Codebreaking: Why Context Matters
If you’ve ever seen the movie about Alan Turing or know about his role in breaking the Nazi Enigma code in World War II, then you know that it took one of the best mathematicians the world has ever known to accomplish that feat. But it wasn’t pure math and there is no perfect system for decoding a message. Instead, Turing was able to use context to break the code. He figured out what sort of messages the Germans might want to send, and within the context of putting himself in their shoes, was able to break the code.
Why is this story important to a criminal defense attorney’s blog? DNA is a lot like codebreaking. It relies almost entirely on context for useful interpretation. Nonetheless, juries are of the opinion that DNA is synonymous with being caught red-handed. That isn’t how it works.
How does DNA evidence work at trial?
Telling jurors that you found a defendant’s DNA at a crime scene is not enough to convict them. What if they were a guest? What if they had eczema on a windy day? What if they flicked their cigarette at the exact wrong time? In a case like that, you may find a lot of DNA at the crime scene. How do you determine whose DNA is the culprit’s?
In these cases, context helps. DNA is not singularly going to make the state’s case for them. However, blood evidence producing DNA may indicate a struggle. People tend not to bleed unless they’re hit, struck, or cut. So, if we have the victim’s DNA, the suspect’s DNA in blood, and we don’t find any other blood at the scene, the context would give the DNA evidence shape and structure within the broader story that the prosecution is trying to tell. Person A stabbed Person B.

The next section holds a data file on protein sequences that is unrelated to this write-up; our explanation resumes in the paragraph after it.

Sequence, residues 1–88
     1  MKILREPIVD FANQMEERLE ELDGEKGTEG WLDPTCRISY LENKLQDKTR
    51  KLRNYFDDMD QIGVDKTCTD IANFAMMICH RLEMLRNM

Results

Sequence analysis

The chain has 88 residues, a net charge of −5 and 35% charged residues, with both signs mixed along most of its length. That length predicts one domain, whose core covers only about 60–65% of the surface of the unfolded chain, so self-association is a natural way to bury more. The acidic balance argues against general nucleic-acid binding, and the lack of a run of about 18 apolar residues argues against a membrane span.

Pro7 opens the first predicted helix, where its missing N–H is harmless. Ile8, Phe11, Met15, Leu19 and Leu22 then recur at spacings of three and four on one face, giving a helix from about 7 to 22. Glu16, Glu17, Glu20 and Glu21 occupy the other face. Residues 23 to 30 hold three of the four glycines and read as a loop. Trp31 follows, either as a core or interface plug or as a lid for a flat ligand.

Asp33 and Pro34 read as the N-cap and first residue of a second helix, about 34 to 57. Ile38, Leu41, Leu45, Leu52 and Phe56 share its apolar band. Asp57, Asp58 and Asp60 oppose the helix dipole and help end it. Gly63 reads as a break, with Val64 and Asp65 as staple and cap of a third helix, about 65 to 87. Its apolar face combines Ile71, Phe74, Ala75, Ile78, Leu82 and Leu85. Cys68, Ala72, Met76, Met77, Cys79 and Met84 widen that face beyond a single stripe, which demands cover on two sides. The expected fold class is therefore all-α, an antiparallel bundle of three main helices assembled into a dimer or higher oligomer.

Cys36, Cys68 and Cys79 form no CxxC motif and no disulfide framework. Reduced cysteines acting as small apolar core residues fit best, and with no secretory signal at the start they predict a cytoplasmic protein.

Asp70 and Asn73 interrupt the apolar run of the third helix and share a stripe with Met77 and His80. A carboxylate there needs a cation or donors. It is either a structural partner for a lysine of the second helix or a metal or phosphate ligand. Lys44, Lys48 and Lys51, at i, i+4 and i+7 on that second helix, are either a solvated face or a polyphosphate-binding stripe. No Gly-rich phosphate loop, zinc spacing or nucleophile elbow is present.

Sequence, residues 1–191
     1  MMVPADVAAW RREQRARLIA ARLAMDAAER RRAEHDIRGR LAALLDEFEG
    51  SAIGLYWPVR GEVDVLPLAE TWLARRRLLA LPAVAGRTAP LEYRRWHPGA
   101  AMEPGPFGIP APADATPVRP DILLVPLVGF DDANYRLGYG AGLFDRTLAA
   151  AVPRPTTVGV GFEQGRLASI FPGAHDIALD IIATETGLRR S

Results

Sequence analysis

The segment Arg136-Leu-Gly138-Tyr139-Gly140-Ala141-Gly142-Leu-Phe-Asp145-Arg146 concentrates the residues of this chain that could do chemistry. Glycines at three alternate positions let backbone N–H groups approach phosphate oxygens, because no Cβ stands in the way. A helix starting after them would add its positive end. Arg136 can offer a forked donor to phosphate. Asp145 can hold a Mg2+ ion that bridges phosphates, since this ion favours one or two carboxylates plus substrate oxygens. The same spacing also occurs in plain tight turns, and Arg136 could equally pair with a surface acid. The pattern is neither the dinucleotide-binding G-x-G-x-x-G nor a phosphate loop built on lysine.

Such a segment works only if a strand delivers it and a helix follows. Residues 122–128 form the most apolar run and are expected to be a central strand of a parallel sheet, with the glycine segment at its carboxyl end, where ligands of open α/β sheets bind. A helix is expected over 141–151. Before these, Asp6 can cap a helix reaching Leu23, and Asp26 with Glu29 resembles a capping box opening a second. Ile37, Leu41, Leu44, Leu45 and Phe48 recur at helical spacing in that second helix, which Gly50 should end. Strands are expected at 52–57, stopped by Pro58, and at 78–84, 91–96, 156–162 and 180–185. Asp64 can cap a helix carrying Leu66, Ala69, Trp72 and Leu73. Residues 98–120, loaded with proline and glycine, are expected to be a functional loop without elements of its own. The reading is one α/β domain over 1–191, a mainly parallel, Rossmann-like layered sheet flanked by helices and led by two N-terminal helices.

Is DNA evidence alone enough to convict?
In cases where an innocent bystander’s DNA is mixed up with a legitimate suspect’s, it creates real problems for both the suspect and law enforcement. In one case, a man was accused of a rape after his DNA kit was mixed up with another, and some of his DNA was transferred during processing. Eventually, he was able to prove he was not there when the rape occurred, but not after a lot of uncomfortable questions.
While the situation is uncomfortable for the suspect falsely accused, it is also uncomfortable for law enforcement which often overstates the scope of what DNA evidence can prove.
Cold case serial killer prosecutions
Law enforcement is now using genealogy databases to catch serial killers. The evidence they collect at crime scenes is often quite old and incomplete. If they can find specific family markers in the DNA, they can cross the markers against genealogy databases. They may not find the suspect, but often, they find a family member. So DNA is best used to whittle down the suspect pool for the process of elimination. Pools of blood, however, tend to produce very good samples.
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Tallahassee criminal lawyer Luke Newman, P.A. represents the rights of those convicted or accused of serious crimes. To learn more about filing an appeal or defending yourself from serious charges, call today.